Fabulous hybrid ornamental Origano (O. rotundifolium x O. scabrum) which is both heat and drought tolerant and a perfect choice for the sunny rock garden or top edge of rockery wall. This really does need sharp drainage to perform its best. In the Midwest, it is used as an annual in window boxes. Light pink flowers all summer long.
One of our most favored small trees is this princeling of a cornel. Late winter flowers of yellow filamentous buttons followed by perfectly clean white variegation in the leaves and are further accented when the flowers turn into edible reddish fruits in late summer.
This was one of those "Holy shit - lookit that fern!" moments when we first spotted this species growing at the base of soaring pinnacles of vertical peaks in Guizhou, China where it was not intimidated in the least and perfectly in scale. Massive 4'-6' wide fronds 6'-8' tall in the wild and clumping. Likely smaller in cultivation but still BIG! Zone 7b-9.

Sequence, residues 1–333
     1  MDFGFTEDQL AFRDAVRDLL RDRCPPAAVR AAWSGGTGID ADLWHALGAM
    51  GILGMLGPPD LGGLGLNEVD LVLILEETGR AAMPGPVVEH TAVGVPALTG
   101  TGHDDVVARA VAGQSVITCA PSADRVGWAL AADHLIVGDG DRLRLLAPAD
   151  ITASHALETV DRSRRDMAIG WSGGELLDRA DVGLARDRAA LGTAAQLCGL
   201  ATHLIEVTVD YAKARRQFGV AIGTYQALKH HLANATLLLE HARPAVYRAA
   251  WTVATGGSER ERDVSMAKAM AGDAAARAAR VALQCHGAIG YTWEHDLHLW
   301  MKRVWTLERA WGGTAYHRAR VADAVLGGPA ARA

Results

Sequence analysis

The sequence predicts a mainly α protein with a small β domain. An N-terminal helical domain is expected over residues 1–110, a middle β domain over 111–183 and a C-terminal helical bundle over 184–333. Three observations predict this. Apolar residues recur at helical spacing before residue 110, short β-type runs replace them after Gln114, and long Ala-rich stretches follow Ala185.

An easy plant for the rock garden or well-drained front of the border. This doesn't require much beyond the basics and yet on this meager fare of occasional watering it will bloom most of the summer and well into fall. To ask for more would be simply bad form. Mat forming with gray-green lightly hirsute rosettes with umbells of white flowers with small green turning pink eyes.
A name given to this with assuredly the kindest of intentions. This selection of the former Schizostylis has sumptiously provocative buxom pink flowers which if you like that sort of thing - and we do - will be just the ticket for your garden. Feed her some nice meals, give her plenty to drink and let her lounge in a warm, sunny spot and she will be happy.